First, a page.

Shock Q&A: M. Night Shyamalan on Wayward Pines



At a Television Critics Association panel for his new TV series Wayward Pines, M. Night Shyamalan said something that speaks volumes about narrative instinct. “I would love to make the first act the entire movie,” Shyamalan said. “That’s my favorite part of the movie, and moviegoers and where we are in cinema now, it’s as little of the first act character development as you can to get to the incidents, right?  TV, especially longform, serialized TV is like me getting to do a first act, develop characters and insinuate and hint at things.”

We got to speak with Shyamalan one on one after the session about Wayward Pines. The show, based on the Blake Crouch books, stars Matt Dillon as Ethan Burke, an agent looking for his missing partner. When an automobile accident lands him in Wayward Pines, he goes looking for answers no matter how hard the townspeople insist he just enjoy his stay.

Shock Till You Drop: I loved what you said on the panel about loving the first act of a story. I love sequels because I want every story to continue indefinitely, so I guess I see the end as the first act. Can you relate to that?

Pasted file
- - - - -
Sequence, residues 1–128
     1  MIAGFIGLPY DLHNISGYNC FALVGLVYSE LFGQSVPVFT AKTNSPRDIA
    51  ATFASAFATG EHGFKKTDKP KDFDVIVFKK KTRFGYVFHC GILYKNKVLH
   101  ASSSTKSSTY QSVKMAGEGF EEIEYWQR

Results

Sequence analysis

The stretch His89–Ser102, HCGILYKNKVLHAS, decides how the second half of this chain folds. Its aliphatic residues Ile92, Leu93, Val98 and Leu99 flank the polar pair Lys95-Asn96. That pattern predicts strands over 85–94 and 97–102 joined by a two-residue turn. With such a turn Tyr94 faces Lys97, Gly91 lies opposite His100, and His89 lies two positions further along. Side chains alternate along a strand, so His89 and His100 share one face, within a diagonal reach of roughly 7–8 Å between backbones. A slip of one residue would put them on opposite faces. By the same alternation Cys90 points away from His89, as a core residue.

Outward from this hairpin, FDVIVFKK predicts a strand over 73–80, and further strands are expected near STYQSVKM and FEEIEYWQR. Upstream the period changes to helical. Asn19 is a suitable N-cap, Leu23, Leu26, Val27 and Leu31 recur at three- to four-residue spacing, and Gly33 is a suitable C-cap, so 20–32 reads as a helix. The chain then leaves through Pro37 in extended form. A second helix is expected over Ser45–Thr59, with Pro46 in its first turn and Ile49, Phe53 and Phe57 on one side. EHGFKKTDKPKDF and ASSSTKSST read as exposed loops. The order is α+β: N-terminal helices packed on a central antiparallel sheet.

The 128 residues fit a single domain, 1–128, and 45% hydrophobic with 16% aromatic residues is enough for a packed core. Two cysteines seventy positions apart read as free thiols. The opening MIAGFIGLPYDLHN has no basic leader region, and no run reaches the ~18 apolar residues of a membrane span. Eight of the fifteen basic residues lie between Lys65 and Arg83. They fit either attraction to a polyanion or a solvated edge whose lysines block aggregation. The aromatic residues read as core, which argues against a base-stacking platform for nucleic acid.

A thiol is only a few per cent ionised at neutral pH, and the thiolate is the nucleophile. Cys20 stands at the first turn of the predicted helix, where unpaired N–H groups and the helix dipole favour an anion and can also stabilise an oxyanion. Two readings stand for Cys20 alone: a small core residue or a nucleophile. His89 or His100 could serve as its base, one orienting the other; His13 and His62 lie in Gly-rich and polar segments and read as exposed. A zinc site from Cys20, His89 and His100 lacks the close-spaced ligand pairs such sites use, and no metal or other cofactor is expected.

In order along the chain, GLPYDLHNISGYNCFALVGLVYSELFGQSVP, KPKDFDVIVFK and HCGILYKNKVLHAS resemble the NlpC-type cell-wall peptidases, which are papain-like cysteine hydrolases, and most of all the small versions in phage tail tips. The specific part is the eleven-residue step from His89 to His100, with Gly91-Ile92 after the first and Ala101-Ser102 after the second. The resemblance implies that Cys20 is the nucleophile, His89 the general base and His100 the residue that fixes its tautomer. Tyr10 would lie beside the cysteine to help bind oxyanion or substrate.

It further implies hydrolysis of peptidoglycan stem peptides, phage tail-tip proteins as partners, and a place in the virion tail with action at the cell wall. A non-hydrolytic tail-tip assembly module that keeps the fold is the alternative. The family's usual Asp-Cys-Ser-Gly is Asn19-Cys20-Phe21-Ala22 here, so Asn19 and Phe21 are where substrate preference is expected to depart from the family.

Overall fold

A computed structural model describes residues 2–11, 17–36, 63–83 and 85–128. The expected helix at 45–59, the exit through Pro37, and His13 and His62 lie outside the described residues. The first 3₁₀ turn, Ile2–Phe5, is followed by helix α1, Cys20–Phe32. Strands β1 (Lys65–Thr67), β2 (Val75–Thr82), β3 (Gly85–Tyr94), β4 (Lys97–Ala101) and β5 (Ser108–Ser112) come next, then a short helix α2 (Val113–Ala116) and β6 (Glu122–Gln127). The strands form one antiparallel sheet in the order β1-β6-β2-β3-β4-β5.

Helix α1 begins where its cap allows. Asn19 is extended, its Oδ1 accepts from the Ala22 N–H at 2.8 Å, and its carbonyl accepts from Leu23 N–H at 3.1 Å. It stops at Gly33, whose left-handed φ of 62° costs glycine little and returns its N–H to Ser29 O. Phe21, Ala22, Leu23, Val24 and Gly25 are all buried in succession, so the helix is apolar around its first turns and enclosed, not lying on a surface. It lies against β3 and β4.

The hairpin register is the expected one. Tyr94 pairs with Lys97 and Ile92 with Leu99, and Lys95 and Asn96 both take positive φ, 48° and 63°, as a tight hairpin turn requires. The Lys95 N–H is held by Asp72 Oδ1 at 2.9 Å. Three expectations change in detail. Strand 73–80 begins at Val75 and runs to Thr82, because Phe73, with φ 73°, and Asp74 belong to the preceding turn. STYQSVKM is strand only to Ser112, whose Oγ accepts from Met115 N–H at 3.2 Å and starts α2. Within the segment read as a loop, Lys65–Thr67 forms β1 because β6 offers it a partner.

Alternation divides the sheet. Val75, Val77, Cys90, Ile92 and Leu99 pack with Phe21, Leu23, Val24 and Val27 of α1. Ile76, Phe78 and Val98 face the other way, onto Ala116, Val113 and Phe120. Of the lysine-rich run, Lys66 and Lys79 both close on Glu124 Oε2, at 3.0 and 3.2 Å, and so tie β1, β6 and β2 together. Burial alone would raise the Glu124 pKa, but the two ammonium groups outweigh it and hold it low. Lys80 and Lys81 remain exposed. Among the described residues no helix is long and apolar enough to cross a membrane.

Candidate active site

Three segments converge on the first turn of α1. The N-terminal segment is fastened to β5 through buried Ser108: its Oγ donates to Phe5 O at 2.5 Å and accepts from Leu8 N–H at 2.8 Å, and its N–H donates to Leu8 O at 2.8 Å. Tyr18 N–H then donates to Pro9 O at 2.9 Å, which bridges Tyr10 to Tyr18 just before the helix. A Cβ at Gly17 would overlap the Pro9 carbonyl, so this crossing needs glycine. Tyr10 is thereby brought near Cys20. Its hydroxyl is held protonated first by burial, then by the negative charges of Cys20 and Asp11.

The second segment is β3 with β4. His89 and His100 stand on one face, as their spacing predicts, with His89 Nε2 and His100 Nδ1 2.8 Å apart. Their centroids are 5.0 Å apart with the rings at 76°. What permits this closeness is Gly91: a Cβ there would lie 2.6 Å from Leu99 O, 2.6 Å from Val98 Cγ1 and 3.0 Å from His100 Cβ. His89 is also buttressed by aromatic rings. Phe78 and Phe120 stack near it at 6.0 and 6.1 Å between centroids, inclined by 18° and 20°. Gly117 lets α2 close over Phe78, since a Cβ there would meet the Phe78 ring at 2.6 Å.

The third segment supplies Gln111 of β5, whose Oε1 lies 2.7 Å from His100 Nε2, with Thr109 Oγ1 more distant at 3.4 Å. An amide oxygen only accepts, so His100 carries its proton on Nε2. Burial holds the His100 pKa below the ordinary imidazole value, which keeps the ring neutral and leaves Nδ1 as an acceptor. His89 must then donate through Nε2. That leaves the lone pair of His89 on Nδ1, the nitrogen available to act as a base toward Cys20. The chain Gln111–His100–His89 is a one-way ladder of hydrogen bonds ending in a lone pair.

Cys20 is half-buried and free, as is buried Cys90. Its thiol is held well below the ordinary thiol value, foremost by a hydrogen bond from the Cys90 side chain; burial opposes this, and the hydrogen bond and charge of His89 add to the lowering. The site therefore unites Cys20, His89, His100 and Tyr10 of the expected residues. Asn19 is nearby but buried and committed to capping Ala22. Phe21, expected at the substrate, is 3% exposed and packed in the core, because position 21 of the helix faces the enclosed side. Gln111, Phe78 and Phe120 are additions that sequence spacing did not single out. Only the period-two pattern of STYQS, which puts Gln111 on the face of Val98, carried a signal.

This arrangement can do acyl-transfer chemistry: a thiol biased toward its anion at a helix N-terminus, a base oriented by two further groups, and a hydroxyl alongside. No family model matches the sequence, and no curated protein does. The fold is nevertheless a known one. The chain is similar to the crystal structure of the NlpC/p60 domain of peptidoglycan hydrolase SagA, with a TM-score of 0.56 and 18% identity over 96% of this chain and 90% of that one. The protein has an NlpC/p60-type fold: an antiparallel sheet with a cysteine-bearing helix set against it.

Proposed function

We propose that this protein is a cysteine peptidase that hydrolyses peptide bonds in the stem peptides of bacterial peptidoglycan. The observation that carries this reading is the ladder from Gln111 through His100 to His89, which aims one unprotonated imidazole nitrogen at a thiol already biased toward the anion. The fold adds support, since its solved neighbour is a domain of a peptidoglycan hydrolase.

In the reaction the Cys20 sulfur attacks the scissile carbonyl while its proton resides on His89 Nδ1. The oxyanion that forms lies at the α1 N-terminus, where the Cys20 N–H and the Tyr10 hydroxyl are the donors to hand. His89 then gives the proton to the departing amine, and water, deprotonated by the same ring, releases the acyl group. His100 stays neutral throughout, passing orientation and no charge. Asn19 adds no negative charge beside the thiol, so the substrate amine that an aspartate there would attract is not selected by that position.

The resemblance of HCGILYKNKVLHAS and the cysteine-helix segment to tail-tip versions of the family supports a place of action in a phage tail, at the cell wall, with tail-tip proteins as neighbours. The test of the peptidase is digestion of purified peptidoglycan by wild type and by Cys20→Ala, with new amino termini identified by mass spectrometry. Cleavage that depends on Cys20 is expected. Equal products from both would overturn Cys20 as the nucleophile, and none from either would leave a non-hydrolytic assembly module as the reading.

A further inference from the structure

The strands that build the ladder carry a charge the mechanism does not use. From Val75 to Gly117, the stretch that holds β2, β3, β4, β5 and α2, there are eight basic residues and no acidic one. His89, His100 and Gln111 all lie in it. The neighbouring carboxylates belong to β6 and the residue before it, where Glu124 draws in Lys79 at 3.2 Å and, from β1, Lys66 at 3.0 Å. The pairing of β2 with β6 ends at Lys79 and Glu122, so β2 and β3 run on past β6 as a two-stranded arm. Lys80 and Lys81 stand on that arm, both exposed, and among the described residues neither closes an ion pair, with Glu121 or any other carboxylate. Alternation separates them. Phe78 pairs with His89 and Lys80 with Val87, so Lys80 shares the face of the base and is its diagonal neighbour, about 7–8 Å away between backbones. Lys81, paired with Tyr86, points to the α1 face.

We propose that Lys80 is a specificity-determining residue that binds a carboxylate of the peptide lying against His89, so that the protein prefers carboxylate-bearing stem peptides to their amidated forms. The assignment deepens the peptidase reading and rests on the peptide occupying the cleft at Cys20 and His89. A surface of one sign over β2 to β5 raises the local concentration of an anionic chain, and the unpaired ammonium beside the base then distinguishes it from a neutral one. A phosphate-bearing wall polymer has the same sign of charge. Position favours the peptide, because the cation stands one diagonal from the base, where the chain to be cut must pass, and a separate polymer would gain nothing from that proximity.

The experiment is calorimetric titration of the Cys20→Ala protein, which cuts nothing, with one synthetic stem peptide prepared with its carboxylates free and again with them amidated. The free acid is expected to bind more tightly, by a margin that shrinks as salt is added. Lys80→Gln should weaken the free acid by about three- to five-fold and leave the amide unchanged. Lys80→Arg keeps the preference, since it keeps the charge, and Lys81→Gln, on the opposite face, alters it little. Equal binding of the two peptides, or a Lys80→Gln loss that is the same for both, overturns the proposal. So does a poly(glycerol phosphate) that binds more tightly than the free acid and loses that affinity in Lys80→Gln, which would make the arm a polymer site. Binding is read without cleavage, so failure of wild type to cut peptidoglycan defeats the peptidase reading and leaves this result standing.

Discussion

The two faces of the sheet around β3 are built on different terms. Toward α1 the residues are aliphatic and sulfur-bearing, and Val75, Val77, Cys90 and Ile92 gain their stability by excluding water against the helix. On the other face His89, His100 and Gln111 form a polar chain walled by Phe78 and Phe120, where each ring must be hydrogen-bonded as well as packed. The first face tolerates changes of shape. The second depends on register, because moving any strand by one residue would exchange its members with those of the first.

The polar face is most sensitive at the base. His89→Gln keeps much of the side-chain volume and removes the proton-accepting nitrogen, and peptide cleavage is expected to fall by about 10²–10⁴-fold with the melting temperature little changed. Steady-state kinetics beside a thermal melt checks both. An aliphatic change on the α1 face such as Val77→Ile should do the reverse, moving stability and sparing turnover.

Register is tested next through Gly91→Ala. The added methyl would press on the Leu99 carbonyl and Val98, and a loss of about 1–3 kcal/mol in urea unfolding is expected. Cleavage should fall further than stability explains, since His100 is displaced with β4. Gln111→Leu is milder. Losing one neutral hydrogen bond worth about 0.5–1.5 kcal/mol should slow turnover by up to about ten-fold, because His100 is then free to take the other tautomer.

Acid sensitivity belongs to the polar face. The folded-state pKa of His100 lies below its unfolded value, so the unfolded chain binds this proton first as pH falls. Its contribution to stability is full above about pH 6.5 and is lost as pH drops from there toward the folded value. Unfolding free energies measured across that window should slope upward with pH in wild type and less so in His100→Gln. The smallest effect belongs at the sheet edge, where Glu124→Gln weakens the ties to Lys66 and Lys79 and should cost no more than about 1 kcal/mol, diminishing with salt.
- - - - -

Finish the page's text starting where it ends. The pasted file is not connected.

M. Night Shyamalan: If we were talking about, if a story is about you and I being friends, we’re the best of friends and I eventually tell you I murdered three people, three children. That’s not the end of the story. That’s the beginning of the story. That’s the reveal. If it’s a really good reveal, it’s complicated and rich, you can tell more. So I do relate to what you’re saying. 

Shock: I have an issue with the “happy ending.” Are you suggesting nothing else interesting ever happens to those people again? I don’t believe that. They’re going to do more stuff.

Shyamalan: That’s true. They’re just going to raise kids? Everything’ll be fine? Minor issues, but the rest of their life is fine?

Shock: Is Wayward Pines a show we have to watch actively?

Shyamalan: I think this particular form, I would say because there are so many bizarre questions that are constantly being raised, that you’re supposed to be provoked into going, “How the fuck did that happen? How could she have not said that? How could she not remember this and how could he have gone there?” To ask as many questions as possible, it does seem interesting to interact in that way.

Whereas, let’s say, True Detective, you probably shouldn’t be texting because it’s a tonal only piece. It’s about this hum. There is a mystery in there but it’s about the tone so if you’re doing this [on your phone] you’re basically not paying attention to what they’re doing so masterfully in the piece. And our piece is, I’m going to show you images. Tell me what they mean to you. A woman has been murdered. A birthday cake. And you’re going, “Huh? Huh? How do these things fit together?” So it’s a different kind of story.

Shock: Is the hard-boiled detective a genre you loved?

Shyamalan: The genre that connected me to the pilot was the characters going, “What the hell’s going on?”